Russia, U.S. Set August Deadline to Push Syria Peace Talks

  • Kerry says Russia, U.S. have `unanimity' of vision for Syria
  • UN-led negotiations deadlocked on fate of Russia's ally Assad

The U.S. and Russia set an August deadline for a deal to end Syria’s five-year war as they agreed to try to push forward negotiations between the government and opposition that remain deadlocked over the fate of Russian ally President Bashar al-Assad.

“We will accelerate the effort to try and move the political process forward,” U.S. Secretary of State John Kerry said early Friday at a Kremlin news conference after meeting his Russian counterpart Sergei Lavrov and President Vladimir Putin for four hours.

Lavrov said Russia is committed to promoting a political transition in Syria, though it must be based on “mutual consent” in line with international agreements on resolving the crisis. “We have agreed that the pressure on all the sides must be increased,” he said.

The United Nations-sponsored talks in Geneva mark the most serious effort yet to end the war that has killed more than a quarter of a million people. The conflict has sparked a refugee exodus to Europe and given Islamic State a safe haven from which to expand across the region and plot terror attacks such as this week’s bombings in Belgium. The attacks that killed 31 and injured 270 in Brussels, the worst in Belgium’s history, have given an added sense of urgency to efforts to end the Syrian crisis.

August Target

Russia and the U.S., which brokered a partial cease-fire last month, agreed at the talks to step up efforts to cement the truce and other measures aimed at supporting the peace process. These include urging the government and opposition to start discussing details of a political transition and enter into direct talks. The two countries also called for expanded humanitarian access and for both sides in the conflict to start freeing detainees.

The U.S. and Russia will push for an agreement on a “framework for a political transition” and a draft constitution by August, Kerry said. “I believe Russia is fully engaged in this effort, and all of us are going to try and get President Assad to make the right decision in the next few days to engage in a political process that results in a genuine transition and in peace for Syria.”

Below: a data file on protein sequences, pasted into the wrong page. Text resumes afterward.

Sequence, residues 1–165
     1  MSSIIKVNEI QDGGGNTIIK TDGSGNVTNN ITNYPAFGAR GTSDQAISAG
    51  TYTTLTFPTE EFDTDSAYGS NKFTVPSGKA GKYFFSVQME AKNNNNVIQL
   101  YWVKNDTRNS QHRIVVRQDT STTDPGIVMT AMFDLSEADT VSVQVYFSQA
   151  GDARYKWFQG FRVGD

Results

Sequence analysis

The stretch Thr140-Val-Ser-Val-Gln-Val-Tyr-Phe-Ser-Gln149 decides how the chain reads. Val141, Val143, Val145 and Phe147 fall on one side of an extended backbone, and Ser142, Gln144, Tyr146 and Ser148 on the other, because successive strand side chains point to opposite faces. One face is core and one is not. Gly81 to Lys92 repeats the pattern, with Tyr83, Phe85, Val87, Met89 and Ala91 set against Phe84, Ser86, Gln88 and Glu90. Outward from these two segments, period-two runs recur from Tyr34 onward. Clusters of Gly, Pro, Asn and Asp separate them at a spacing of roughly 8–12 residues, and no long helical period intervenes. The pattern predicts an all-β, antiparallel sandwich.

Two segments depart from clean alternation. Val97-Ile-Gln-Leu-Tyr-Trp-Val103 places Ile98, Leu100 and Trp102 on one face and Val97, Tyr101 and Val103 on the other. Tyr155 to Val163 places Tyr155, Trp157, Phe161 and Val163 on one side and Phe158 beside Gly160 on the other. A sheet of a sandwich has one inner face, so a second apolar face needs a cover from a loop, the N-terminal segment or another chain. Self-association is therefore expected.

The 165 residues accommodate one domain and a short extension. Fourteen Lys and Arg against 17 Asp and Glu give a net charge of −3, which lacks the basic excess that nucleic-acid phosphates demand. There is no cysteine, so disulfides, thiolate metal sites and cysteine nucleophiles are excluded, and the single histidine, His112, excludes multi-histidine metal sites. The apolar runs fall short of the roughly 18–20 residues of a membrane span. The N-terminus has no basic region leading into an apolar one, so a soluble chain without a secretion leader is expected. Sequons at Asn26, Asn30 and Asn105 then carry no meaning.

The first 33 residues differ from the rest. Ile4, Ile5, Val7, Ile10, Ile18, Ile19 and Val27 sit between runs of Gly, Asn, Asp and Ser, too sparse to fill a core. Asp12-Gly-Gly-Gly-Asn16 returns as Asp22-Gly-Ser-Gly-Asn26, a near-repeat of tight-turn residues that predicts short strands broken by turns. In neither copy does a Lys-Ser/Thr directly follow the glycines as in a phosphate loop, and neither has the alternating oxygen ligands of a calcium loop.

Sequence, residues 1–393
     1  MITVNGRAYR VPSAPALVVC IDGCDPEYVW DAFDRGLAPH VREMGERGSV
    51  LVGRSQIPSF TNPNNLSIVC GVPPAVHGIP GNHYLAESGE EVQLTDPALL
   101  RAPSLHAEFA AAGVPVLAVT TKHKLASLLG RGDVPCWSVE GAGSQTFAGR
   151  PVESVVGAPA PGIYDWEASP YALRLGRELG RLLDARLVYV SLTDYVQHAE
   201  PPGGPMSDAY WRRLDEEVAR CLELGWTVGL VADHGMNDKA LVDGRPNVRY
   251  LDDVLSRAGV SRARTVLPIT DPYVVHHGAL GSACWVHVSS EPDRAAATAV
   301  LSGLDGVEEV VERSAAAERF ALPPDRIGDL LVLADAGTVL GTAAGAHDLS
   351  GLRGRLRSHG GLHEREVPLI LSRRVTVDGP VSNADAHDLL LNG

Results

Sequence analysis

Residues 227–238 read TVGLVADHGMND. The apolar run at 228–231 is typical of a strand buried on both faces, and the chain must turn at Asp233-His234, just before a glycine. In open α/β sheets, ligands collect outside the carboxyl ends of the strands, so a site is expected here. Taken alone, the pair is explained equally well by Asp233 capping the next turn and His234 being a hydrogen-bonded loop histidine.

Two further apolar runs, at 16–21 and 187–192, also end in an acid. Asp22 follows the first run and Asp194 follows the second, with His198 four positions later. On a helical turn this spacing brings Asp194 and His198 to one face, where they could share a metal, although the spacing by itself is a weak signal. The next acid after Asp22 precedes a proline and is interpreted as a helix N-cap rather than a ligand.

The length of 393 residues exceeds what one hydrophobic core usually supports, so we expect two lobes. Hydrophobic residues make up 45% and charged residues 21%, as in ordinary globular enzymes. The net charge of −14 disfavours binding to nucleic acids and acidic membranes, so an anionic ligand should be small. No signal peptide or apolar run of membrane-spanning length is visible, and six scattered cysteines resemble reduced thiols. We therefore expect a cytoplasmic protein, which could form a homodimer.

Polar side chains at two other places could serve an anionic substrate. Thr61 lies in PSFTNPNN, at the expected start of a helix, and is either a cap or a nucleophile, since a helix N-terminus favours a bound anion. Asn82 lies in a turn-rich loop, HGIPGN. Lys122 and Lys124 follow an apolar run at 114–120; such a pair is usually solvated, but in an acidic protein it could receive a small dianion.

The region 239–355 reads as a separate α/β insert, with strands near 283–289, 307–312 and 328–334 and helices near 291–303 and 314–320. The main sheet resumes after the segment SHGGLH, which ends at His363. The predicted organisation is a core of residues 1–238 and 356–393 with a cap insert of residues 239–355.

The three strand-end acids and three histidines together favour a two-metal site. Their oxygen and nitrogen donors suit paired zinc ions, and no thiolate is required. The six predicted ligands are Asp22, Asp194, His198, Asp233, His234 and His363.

Putin last week ordered the partial withdrawal of Russian forces from Syria after more than five months of airstrikes in support of Assad that helped tip the balance in the conflict with rebels. The pullout gave a “new impetus” to the negotiations between the government and opposition, according to the UN.

‘Red Line’

Assad has so far refused to present an alternative to opposition proposals for a political transition at the peace talks, which include a demand for his resignation. Syrian authorities have indicated that they will accept only a limited role for the opposition in a national unity government, and that discussing the possibility of Assad stepping down is a “red line.”

The UN Special Envoy for Syria, Staffan de Mistura, published a document Thursday listing a dozen joint principles between the government and opposition as a basis for political transition. They include maintaining the unity of Syria, a democratic and non-sectarian state, the continuity and reform of state institutions, and the disarmament and integration of armed groups into a unified national army. The Geneva talks adjourned Thursday after more than 10 days and are due to resume in April.

U.A.E.’s Role

Putin discussed the Syrian peace process with Abu Dhabi’s Crown Prince Sheikh Mohammed bin Zayed Al Nahyan, who is deputy supreme commander of the U.A.E.’s armed forces, at a meeting in Moscow Thursday. The U.A.E. is a close ally of Saudi Arabia, which wants Assad to leave office. The crown prince also met Kerry in the Russian capital.

Russia is ready for dialogue with the Saudi-backed Syrian opposition’s High Negotiations Committee and has invited it to Moscow, Deputy Foreign Minister Mikhail Bogdanov told reporters Thursday.

The U.S. and its allies are counting on Russia to come to the realization that it’s better to try to preserve the Syrian state than Assad’s rule at all costs, a Western diplomat in Geneva said. A transitional government has to mean that Assad has no powers even if he remains formally in office, the diplomat said, speaking on condition of anonymity because the deliberations are confidential.

Russia has managed to convince the U.S. to put aside the question of Assad for the moment in order to enable the Syrian peace talks to get under way, Deputy Foreign Minister Sergei Ryabkov said on Friday, Interfax reported.

Major powers endorsed a road-map in November that would establish a transitional ruling body with full executive authority in Syria of government and opposition members within six months. This would lead to internationally supervised elections under a new constitution a year later.

“We have a unanimity about the vision of how we can achieve peace in Syria,” Kerry said, describing the Moscow talks as “productive.”

Before it's here, it's on the Bloomberg Terminal.